In 2010, the GCC Standardization Organization (GSO) and Public Authority of Industry (PAI) announced that new standards for toys would be enacted in 2011. The new standards oblige local importers and distributors to place the GSO seal on all imported toys.
In 2010, PAI provided the GSO with feedback pertaining to the initiative introduced by Japan, Switzerland, and the United States regarding liberalizing trade in remanufactured goods. PAI affirmed no tariff barriers would be introduced.
Government of Kuwait: Public Authority for Industry
Testing, inspection and certification
Veterinary Health Certificate
A health certificate is required for the importation of live animals and animal products. The certificate should state that the animals or products were free of any contagious disease occurring within a radius of 30 miles for six months prior to export. Each shipment of meat or poultry must be accompanied by a statement that slaughtering has been conducted in conformity with Islamic law. The statement must be certified by the local Arab Chamber of Commerce and legalized by a Kuwaiti consulate or embassy. Additional information can be found on the Department of Agriculture’s Animal and Plant Health Inspection Service (APHIS) website or (301) 851-3751. (Plant Protection and Quarantine). The Department of Agriculture’s Animal and Plant Health Inspection Service (APHIS) inspects and certifies that plants, plant products, and live animals conform to health and sanitary requirements as mandated by the Government of Kuwait. Exporters should also consult with importers and the appropriate ministry of the Kuwaiti government for additional information.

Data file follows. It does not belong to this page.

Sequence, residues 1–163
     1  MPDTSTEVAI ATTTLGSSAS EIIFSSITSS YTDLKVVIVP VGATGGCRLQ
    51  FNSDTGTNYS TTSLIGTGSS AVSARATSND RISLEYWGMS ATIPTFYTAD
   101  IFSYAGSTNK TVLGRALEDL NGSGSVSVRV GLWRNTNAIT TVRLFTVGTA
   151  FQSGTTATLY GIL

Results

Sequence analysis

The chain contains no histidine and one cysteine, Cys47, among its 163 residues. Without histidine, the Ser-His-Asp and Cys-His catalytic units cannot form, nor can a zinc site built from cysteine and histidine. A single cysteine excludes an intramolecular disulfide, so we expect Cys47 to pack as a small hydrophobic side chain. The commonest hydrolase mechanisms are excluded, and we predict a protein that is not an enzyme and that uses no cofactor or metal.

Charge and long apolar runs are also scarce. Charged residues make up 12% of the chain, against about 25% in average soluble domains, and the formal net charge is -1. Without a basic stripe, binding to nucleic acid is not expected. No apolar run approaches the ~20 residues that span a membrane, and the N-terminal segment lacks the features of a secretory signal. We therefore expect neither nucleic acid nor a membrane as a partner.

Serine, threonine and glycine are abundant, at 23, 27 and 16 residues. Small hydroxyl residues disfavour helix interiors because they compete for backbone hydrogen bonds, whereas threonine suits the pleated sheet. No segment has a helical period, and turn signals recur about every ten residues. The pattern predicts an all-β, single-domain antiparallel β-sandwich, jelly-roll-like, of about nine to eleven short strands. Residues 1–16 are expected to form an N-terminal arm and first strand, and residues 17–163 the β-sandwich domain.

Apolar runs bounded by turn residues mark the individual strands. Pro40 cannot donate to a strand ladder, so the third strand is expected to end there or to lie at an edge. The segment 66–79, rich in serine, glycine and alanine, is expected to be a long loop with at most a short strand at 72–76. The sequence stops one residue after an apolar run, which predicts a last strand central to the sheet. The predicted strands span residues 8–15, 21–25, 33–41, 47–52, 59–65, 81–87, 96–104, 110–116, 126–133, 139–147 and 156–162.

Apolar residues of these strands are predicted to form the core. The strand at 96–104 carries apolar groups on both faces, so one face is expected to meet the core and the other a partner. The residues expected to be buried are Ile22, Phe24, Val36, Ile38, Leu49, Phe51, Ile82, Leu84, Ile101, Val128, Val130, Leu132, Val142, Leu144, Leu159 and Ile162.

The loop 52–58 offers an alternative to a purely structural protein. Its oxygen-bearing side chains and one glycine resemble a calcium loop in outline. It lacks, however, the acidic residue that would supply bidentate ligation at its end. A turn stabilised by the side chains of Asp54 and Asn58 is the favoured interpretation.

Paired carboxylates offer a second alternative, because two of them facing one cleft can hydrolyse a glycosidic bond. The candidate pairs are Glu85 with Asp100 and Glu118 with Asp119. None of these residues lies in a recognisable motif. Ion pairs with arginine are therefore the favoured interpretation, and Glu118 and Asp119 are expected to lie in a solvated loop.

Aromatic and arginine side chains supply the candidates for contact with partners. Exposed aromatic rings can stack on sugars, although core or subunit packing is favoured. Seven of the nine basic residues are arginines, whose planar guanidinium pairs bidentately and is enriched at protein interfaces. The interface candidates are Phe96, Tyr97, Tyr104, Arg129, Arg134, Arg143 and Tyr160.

Required for plants and plant products. More information can be found on the Department of Agriculture’s Animal and Plant Health Inspection Service (APHIS) website or (301) 851-3751.
Certificate of Wholesomeness
Fresh and frozen meat and poultry products require a certificate of wholesomeness. Additional information is available from the U.S. Food Safety and Inspection Service:
Export-Import Program Analysis
Department of Agriculture
Technical Service Center
Landmark Center, Suite 300
1299 Farnam St.
Omaha, NE 68102, USA
Tel: (800) 233-3935
Certificate of Disinfection
A certificate of disinfection or sterilization must accompany shipments of used clothing intended for sale.
The producing company must provide certification in triplicate that the imported foodstuffs do not contain any form of cyclamate compounds. Certificates are sent to the Ministry of Health. Dairy products require a declaration that the product is free from harmful bacteria and other pathogens.
Certificate of Free Sale
Cosmetics, pharmaceuticals, and foodstuffs may require a certificate of free sale stating that the commodities in question are in free circulation in the country of export. The Food and Drug Administration can issue these certificates. More information can be found on the FDA Food Guidance Regulations webpage. Exporters should consult with the departments of health or commerce in their home U.S. state to determine whether that state (or the local municipality) can issue Certificates of Free Sale.
Certificate of Free Sale-Beauty and Health Products
Imports of cosmetics, beauty, and health products require a certificate proving that the manufacturer is licensed by an appropriate authority to produce the product, showing that the product and ingredients are safe for use, that the company complies with Good Manufacturing Practices (GMP) of the country of origin, and evidence that the product is scientifically safe when used as directed.